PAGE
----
A family goes to Africa to meet their father who lives with wild lions.



, (additional script material)





Cast overview, first billed only:
Noel Marshall ...
John Marshall ...
Jerry Marshall ...
Kyalo Mativo ...
Frank Tom ...
Steve Miller ...
Rick Glassey ...
Lenord Bokwa ...
Airport Personnel
Shamasi Sarumi ...
Airport Personnel
Will Hutchins ...
Committee Member
Eve Rattner ...
Committee Member
Peter Thiongo ...
Committee Member
Committee Member (as Zakes Moakae)


Ravening jungle beasts assemble in flocks to invade an otherwise quiet home where they terrorize the visiting family of their keeper. Written by alfiehitchie & tipsyheadrinse

Plot Summary | Add Synopsis


No animals were harmed in the making of this film. 70 cast and crew members were. See more »


PG | See all certifications »

Parents Guide:



Official Sites:



Release Date:

12 November 1981 (Australia)  »

Also Known As:

El gran rugido  »

Filming Locations:


Box Office


$17,000,000 (estimated)


$2,000,000 (USA)

Company Credits

Production Co:

Show detailed on  »

Technical Specs


Sound Mix:



Aspect Ratio:

2.35 : 1
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Did You Know?


This movie was conceived over a decade before it was made when Tippi Hedren worked in Africa on films during the 1960s / 1970s such as Satan's Harvest (1970). She once said of its conception in Africa: "Exploring a game reserve, we came across a pride of lions that was living in an abandoned game warden's house. We thought it was wonderful, and my husband [Noel Marshall] wrote a script around the idea." The ROAR official site states that the idea for this movie "grew from a father and mother's passion for cats." See more »


Referenced in Mansfield 66/67 (2017) See more »

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User Reviews

Totally insane, one of a kind movie...
19 June 2015 | by (Edinburgh, Scotland, UK) – See all my reviews

You know what? Sometimes words really aren't enough to do justice to something.

Roar has to be without a doubt the most insanely unsafe cinematic undertaking I have ever had the pleasure of watching. The unbelievably high level of danger is quite frankly there for everyone to see up on the screen as we watch a group of actors interact with over one hundred big cats with no protection whatsoever! It was inspired by the success of the lion drama Born Free (1966). And you might make the observation that there is fifteen years between these two movies and think this strange, well that's because this flick took eleven years from start to finish! Its production met with all manner of set-backs such as fire, flood and disease; each of which put the film's schedule back. But more to the point, it was as dangerous to work on as it looks on screen. The opening credits state that no animals were hurt in the making of the film, what they could not say with as much confidence was that there were no humans hurt! As it was, seventy cast and crew were injured, including cinematographer Jan de Bont who was partially scalped, Tippi Hedren had her neck bitten, Melanie Griffiths almost lost an eye, Jerry and John Marshall both required extensive stitches, while Noel Marshall was attacked so often it took years for him to recover from his injuries. When you watch Noel in action in this film it is not exactly hard to see why! In fact some of the injuries can be seen happening on screen. It is madness, pure and utter madness.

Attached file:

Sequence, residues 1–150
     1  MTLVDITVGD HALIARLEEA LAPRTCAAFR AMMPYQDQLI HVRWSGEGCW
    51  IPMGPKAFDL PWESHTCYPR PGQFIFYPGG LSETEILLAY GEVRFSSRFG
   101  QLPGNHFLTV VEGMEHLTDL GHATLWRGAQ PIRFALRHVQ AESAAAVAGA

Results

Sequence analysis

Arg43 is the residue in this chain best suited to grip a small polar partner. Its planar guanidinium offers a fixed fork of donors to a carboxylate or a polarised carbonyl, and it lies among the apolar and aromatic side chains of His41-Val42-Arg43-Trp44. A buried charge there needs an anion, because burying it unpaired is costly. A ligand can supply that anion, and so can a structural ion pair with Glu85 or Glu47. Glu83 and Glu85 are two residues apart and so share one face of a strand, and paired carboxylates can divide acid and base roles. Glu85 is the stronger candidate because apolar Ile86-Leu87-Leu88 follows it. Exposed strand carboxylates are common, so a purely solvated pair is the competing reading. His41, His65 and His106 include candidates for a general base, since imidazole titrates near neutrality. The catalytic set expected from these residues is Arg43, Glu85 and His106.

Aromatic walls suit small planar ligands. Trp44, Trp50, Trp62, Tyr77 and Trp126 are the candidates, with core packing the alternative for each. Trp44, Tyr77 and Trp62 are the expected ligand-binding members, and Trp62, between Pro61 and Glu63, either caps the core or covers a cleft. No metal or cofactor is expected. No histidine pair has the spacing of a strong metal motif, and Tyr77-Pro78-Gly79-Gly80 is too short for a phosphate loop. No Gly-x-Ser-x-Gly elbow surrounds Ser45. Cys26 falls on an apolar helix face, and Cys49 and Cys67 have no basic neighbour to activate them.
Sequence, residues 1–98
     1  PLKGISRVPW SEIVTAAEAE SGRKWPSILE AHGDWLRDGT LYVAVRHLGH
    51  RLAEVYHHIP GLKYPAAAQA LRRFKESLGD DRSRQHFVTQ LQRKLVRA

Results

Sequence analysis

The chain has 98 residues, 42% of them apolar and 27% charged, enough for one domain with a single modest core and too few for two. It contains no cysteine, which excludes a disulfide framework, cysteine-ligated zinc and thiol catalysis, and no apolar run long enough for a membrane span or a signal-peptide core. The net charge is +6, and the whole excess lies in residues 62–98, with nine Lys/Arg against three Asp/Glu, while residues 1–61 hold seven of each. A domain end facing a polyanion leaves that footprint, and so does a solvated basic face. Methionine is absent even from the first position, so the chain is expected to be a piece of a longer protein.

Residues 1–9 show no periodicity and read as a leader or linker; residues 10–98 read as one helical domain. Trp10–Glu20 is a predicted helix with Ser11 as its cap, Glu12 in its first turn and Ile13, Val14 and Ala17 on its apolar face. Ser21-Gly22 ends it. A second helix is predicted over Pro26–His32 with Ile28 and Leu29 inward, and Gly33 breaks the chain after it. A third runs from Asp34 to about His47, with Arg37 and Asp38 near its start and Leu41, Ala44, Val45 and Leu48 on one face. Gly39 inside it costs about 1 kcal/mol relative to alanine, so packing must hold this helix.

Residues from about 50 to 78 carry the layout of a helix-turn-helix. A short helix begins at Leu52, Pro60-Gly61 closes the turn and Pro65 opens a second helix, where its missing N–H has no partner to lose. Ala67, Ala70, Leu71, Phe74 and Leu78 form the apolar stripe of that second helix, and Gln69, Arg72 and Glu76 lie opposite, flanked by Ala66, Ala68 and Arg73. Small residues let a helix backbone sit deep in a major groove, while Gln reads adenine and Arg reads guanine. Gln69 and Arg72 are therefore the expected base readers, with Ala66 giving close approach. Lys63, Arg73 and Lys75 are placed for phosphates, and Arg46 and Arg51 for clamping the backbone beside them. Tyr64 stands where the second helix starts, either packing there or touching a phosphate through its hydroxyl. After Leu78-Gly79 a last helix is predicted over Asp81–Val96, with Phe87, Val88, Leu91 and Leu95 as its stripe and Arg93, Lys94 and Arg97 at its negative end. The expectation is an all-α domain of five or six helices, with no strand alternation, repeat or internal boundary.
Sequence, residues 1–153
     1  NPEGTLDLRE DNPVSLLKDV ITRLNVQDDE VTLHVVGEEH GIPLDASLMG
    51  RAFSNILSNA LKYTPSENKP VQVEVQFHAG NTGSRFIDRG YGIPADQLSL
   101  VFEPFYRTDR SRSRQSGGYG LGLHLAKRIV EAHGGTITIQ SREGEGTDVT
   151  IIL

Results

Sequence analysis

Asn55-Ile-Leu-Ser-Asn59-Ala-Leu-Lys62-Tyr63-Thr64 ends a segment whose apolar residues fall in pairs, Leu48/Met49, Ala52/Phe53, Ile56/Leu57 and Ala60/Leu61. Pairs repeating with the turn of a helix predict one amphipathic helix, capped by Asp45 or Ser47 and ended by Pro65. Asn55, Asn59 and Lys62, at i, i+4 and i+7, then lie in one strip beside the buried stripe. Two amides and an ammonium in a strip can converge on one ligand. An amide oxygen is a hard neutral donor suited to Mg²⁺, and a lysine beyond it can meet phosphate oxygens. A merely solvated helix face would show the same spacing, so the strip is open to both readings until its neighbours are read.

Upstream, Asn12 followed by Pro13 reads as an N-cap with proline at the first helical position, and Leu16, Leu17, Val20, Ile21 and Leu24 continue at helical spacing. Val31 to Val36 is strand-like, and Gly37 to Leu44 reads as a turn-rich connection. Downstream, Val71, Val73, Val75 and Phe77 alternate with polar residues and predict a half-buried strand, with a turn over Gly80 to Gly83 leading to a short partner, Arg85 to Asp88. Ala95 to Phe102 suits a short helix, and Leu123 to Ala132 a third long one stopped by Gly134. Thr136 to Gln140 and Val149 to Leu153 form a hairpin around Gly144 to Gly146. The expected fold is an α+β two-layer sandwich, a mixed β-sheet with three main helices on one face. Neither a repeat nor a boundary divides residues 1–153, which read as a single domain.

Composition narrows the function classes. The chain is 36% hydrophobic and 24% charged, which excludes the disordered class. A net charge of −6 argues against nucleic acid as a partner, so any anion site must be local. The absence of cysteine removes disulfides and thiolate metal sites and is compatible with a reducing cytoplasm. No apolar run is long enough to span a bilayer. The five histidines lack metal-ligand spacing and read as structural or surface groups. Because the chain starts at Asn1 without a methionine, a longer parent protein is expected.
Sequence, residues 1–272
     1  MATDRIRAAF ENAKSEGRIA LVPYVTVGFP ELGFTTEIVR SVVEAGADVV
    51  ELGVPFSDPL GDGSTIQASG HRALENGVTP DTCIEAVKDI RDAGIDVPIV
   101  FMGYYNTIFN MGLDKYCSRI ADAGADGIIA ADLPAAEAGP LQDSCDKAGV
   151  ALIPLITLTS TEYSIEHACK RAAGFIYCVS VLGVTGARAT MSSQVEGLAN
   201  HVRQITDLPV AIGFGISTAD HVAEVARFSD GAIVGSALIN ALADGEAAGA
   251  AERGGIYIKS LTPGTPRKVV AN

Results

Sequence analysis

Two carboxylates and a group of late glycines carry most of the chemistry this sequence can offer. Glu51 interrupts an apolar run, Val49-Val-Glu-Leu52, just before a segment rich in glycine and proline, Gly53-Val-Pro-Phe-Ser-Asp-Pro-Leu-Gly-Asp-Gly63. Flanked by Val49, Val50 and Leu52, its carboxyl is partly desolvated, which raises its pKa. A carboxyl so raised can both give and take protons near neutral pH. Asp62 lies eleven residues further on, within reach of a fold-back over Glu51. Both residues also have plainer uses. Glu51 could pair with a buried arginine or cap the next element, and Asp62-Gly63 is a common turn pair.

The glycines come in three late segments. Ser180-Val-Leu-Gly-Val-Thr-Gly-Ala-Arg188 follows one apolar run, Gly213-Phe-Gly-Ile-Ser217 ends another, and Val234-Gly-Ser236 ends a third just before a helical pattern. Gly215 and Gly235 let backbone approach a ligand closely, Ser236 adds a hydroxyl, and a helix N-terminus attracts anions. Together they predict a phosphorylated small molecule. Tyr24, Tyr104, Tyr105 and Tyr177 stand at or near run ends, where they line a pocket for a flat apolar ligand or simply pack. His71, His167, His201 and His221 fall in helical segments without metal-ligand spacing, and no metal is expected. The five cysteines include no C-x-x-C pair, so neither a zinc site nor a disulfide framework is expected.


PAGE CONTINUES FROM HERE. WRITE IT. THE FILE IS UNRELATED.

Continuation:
But because of this, it makes for highly entertaining and bizarre viewing. Unfortunately, the public back in 1981 didn't seem to agree and Roar was a box office disaster. To be honest, this is not entirely surprising as this feels far more like a cult movie than blockbuster material, given its utter strangeness. For a start it doesn't really have a plot and it boils down to a few events that bring our human cast into contact with the big cats. The story barely makes sense if you think about it very long. But who needs a story when you've got this insanity on screen? The madness and health and safety black hole that the events on screen represent mean that a story needs be no more than an afterthought. For what it's worth, Noel Marshall - wrote, starred, directed and financed it and his wife Tippi Hedren, who was a wildlife activist who campaigned for the protection of big cats, was the big name draw. Hedren, of course, was previously most well-known for her starring role in The Birds (1963) where she was famously mauled and scratched by an assortment of flying fiends. Well, all I can say is that what she experiences on Roar makes the actions of the birds in Alfred Hitchcock's classic seem positively reticent by comparison.

The actors are all splendidly game and deserve huge amounts of credit for their nerve but the real stars of Roar are the big cats and rampaging elephants. This is the ultimate wet dream for any lover of the big cats in particular and we have the very strange scenario of seeing lions, cheetahs, panthers, leopards and tigers interacting with each other. Watching them violently wrestle is a pretty nerve shredding thing, except if you are Noel Marshall that is, he usually runs in to join them! But on the whole, while there are a few continuity errors and the editing is full-on and sporadic, this is exciting stuff that could never in a million years be described as boring. It truly defines the term 'one of a kind'. With health and safety legislation what it is now, there is no way in hell there will ever be another film like Roar. It's truly unique and I sure lapped it up.

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